3.2 Spectral extinction and absorption coefficients, single scattering albedo, and complex refractive index
Figure 4 presents the temporal variation of βext(λ), βabs(λ), and SSA(λ) of the Icelandic dust samples, as derived from the base simulation. The coefficients βext(λ) and βabs(λ) decreased with λ, with the largest variation observed for βabs(λ) between 370 and 590 nm. On the other hand, SSA(λ) increased marginally with λ, within the error bars. Both βext(λ) and βabs(λ) decreased with time at all values of λ, while SSA(λ) was relatively constant. The results of the sensitivity studies for βext(λ), βabs(λ), and SSA(λ) were in agreement with the results of the base simulation within their respective uncertainties (Figs. S10–S14).
Figure 5 provides an example of the temporal variation of n(λ) and k(λ) in two Icelandic dust samples, including the results from both the base simulation and the sensitivity studies. The parameter n(λ) showed no dependence on λ or time and varied within the range of examined n values (from 1.57 to 1.63 by 0.01 steps) with an uncertainty of < 3 % in the base simulation, Test 1, and Test 2 (Figs. S15–S19). For the parameter k(λ), the data at 12 min resolution were too noisy to identify a clear relationship with time or λ (Figs. S15–S19). In Test 1, k(λ) was almost constant with time and λ. In Test 2, k did not show a clear dependence on λ. For sample MIR45, k(λ) exhibited an increasing trend over time. For D3 and Maeli2, k(λ) increased after around 1.5 h from the dust injection peak. For H55 and Land1, k(λ) did not show a temporal trend. The uncertainty in k(λ) at 12 min resolution varied up to 99 % in the base simulation, 198 % in Test 1, and 79 % in Test 2. We compared k(λ) and Deff,coarse to determine the impact of the reduction in the particle coarse fraction over time on the complex refractive index. However, a clear correlation between Deff,coarse and k(λ) was not observed. The k(λ) results at a 12 min resolution were noisy, making it challenging to establish a meaningful relationship between the two parameters, as the slopes of the regression lines between Deff,coarse and k(λ) were close to zero.
The experiment-averaged single scattering albedo SSAavg increased with λ from 370 to 590 nm, though with some uncertainty, but remained relatively constant between 590 and 950 nm (Fig. 6). SSAavg(λ) varied from 0.93 at 370 nm to 0.96 at 950 nm for sample D3, from 0.94 to 0.96 for H55, from 0.91 to 0.96 for Land 1, from 0.90 to 0.95 for Maeli2, and from 0.90 to 0.94 for MIR45 (Table 1). The uncertainty in SSAavg(λ) was ≤ 8 %. The SSAavg(λ) results from the sensitivity studies were within the uncertainty for the base simulation (Table S2).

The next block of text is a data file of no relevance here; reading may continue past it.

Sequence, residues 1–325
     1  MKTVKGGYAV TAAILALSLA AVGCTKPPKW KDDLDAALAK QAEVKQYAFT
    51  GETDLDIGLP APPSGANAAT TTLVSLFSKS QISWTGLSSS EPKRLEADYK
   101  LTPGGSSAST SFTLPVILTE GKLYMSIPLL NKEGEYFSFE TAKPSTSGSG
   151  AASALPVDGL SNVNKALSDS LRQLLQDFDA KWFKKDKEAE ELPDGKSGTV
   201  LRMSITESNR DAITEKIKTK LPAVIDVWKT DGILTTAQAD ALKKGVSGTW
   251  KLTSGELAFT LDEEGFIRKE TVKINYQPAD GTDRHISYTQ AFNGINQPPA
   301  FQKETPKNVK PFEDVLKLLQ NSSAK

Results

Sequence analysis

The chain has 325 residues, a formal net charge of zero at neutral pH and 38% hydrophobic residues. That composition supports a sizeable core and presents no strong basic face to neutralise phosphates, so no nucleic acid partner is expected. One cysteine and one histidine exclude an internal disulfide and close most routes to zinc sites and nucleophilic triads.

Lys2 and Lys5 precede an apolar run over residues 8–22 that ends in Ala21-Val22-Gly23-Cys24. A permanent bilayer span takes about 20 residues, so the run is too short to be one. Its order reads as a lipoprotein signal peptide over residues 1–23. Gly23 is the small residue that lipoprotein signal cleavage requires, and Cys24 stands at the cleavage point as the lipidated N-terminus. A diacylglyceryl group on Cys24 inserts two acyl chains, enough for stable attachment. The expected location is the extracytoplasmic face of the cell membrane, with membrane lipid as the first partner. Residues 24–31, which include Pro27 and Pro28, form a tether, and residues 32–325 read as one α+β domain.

The experiment-averaged imaginary index, kavg(λ), decreased with λ from 0.006 at 370 nm to 0.002 at 950 nm for sample D3; from 0.005 to 0.003 for H55, Land1, and Maeli2; and from 0.005 to 0.003 for MIR45, as determined from the base simulation (Table S3). kavg(λ) was sensitive to the particle size distribution. The variation of kavg with respect to λ was less evident in Test 1 compared to the base simulation (Table S3). The kavg(λ) values varied between 0.003 and 0.001 for H55 and Land1, while they remained relatively constant at around 0.002 for Maeli2 and MIR45. For sample D3, kavg(λ) was 0.002 at 370 nm and around 0.001 for all other λ values. In Test 2, kavg increased with λ from 0.002 at 370 nm to 0.007 at 950 nm for sample H55. For all the other Icelandic dust samples, the relationship between kavg and λ was not monotonic, and kavg varied in the range 0.002–0.007 for D3, 0.003–0.006 for Land1, 0.002–0.005 for Maeli2, and 0.005–0.007 for MIR45. Overall, kavg(λ) estimates of Test 1 were lower than those of the base simulation and Test 2 (Table S3). The uncertainty in kavg(λ) was generally < 85 % in the base simulation and Test 1, and it was < 70 % in Test 2.
The experiment-averaged real index, navg(λ), showed no trend with λ, and navg(λ) varied in the range 1.59–1.62 in the base simulation, 1.58–1.61 in Test 1, and 1.57–1.63 in Test 2 (Table S4). Overall, the uncertainty in navg(λ) was < 2 %.
Table S5 reports a summary of the comparison between SSAavg(λ) obtained from the measured and computed spectral coefficients for the base simulation, Test 1, and Test 2. Although the RMSE values were generally low, the correlation between the measured and modeled SSAavg(λ) tends to be higher in the base simulation and Test 1 compared to Test 2 (Table S5). Di Biagio et al. (2019) chose to average the k values from all three scenarios. Here the increase of kavg with λ in Test 2 is hard to explain, suggesting that Test 2 results are not realistic. Based on this, we chose to combine the results from the base simulation and Test 1 to obtain a single set of values for k(λ) (Table 2) and n(λ) (Table 3). While the results obtained from averaging the baseline simulation and Test 1 may have a bias towards high particle number concentration, no significant difference was observed when the results of Test 2 were also included for both parameters n and k. Although the mean values of k tended to be higher when Test 2 was included in the average, particularly in the wavelength range of 660–950 nm, the difference between the average with Test 2 included and the average without Test 2 is less than 3 times the square root of the sum of their squared uncertainties. For these reasons, it was decided to use the more conservative approach.
The Icelandic dust samples examined in this study showed similar spectral optical properties. The spectral single scattering albedo SSA(λ) (Table 1) and imaginary index k(λ) (Table 2) showed opposite trends, as expected. SSA(λ) increased from 0.90–0.94 at 370 nm to 0.94–0.96 at 950 nm in different samples, while k(λ) decreased slightly from 0.004 at 370 nm to 0.002–0.003 at 950 nm. The real index n(λ) was rather constant with λ at 1.60–1.61 (Table 3).
4.1 Spectral complex refractive index and single scattering albedo of Icelandic dust comparison with literature data, volcanic ash, and low-latitude dust